Taking Marx away

April 28, 2014

A British company is attempting to get works by Marx and Engels removed from the Marxists Internet Archive, writes Scott McLemee in an article for Crooked Timber.

THE MARXISTS Internet Archive is a vast and growing resource, run entirely by donated labor, and as poly-lingual as circumstances permit. (Do they have Trotsky in Tagalog? Indeed they do.)

Recently, a notice appeared in the Archive's Facebook group, and also on its home page, saying that Lawrence & Wishart's lawyers are demanding the removal of material from the Marx-Engels Collected Works (MECW): "Accordingly, from 30th April 2014, no material from MECW is available from marxists.org. English translations of Marx and Engels from other sources will continue to be available."

Responding to Lawrence & Wishart's demand in a suitable manner would require someone with Marx's or Engels's knack for invective and scatology, and I'm not even going to try. But the idea that most of their work is going to be removed from the website on May Day is just grotesque.

Chances are the archive volunteers never contacted the press before putting the material up because they assumed, reasonably enough, that an edition prepared largely if not entirely with the support of old-fashioned, Soviet-era Moscow gold was not anybody's private intellectual property--that the works of Marx and Engels now belong to the commons. They just want people to be able to read Marx and Engels.

The Marxists Internet Archive at marxists.org
The Marxists Internet Archive at marxists.org

Somehow it has not occurred to Lawrence & Wishart that, by enlarging the pool of people aware of and reading the Collected Works, the archive is actually expanding the audience (and potential market) for Lawrence & Wishart's books, including the somewhat pricey MECW volumes themselves, available only in hardback at $25-50 per volume.

I'm stressing the bottom line here, given that the press's decision is rational only on the narrowest conception of it. But a piece of synchronicity involving another Crooked Timber author underscores just how much the left can learn from, of all things, the sectarian right.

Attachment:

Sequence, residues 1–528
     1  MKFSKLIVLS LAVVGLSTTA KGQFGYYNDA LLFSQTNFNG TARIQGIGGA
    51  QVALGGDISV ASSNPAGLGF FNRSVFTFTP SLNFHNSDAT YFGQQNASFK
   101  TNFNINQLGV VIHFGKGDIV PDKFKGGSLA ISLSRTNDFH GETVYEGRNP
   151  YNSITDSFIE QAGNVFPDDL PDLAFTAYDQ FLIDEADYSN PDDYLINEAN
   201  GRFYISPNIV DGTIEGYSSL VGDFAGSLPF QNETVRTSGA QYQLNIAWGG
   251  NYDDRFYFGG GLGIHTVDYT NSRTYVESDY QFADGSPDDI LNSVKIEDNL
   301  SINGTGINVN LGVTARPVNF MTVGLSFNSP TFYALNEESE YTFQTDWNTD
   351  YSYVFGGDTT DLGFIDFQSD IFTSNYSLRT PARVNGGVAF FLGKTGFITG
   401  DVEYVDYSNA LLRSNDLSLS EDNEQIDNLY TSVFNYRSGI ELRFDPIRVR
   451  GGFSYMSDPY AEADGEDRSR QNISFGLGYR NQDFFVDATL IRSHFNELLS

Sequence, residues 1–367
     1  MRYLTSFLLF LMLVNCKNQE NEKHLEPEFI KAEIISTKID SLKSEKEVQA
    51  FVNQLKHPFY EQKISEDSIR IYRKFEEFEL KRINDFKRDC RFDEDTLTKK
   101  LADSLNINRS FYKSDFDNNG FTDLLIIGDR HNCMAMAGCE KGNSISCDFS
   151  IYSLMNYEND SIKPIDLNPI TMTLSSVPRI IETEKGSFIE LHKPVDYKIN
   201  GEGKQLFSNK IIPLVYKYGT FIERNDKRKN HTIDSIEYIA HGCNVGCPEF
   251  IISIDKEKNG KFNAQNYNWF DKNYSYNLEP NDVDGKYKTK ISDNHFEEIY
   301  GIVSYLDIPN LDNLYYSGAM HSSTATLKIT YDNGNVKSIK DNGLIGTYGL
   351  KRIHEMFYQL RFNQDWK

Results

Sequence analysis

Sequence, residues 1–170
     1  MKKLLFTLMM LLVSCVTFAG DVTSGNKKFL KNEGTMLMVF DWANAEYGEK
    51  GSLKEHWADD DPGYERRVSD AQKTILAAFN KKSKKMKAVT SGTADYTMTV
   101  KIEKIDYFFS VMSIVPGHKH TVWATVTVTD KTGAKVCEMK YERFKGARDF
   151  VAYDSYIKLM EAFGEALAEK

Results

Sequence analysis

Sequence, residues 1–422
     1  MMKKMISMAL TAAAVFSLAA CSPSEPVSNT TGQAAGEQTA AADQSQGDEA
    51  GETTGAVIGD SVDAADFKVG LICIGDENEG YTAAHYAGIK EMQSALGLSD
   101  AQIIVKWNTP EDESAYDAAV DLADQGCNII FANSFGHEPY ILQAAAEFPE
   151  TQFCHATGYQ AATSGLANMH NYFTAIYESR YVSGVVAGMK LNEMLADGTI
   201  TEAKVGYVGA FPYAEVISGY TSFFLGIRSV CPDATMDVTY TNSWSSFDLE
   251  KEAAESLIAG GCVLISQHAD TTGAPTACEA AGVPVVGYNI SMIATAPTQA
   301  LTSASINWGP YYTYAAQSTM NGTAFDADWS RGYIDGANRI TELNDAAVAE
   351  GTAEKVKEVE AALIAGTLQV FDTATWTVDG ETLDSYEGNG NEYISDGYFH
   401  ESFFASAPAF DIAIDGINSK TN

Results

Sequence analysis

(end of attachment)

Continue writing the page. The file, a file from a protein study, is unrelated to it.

About the time the Marxists Internet Archive announced that it would be taking down all the MECW material, Corey Robin and I both, by coincidence, were availing ourselves of radically underpriced materials from the enemy's publishing apparatus. He'd received an order containing dirt-cheap copies of Bastiat from the Liberty Fund, while a day earlier, I had downloaded free digital editions of the major Austrian School books on theory of value and the socialist-calculation debate from the Mises Institute website. There's more to neoliberal hegemony than loss-leader pricing, but as ideological combatants those people know what they're doing.

What you can do

Sign an online petition asking Lawrence & Wishart to take back its decision to demand the removal of works by Marx and Engels from the Marxists Internet Archive.

Contact Lawrence & Wishart directly by e-mailing Managing Editor Sally Davison; Finance Director Avis Greenaway; and Promotions Director Katharine Harris. Convey your opinion by phone by calling Lawrence & Wishart's offices in London at 44 020 8533 2506.

Lawrence & Wishart is now a private publishing company, but it claims historical connections with Britain's Communist Party. If it still considers itself a socialist institution, its treatment of the Archive is uncomradely at best, and arguably much worse--while if the press is now purely a capitalist enterprise, its behavior is merely stupid. I hope some of you will get in touch with the press to say that, or something else appropriate.

First published at Crooked Timber.

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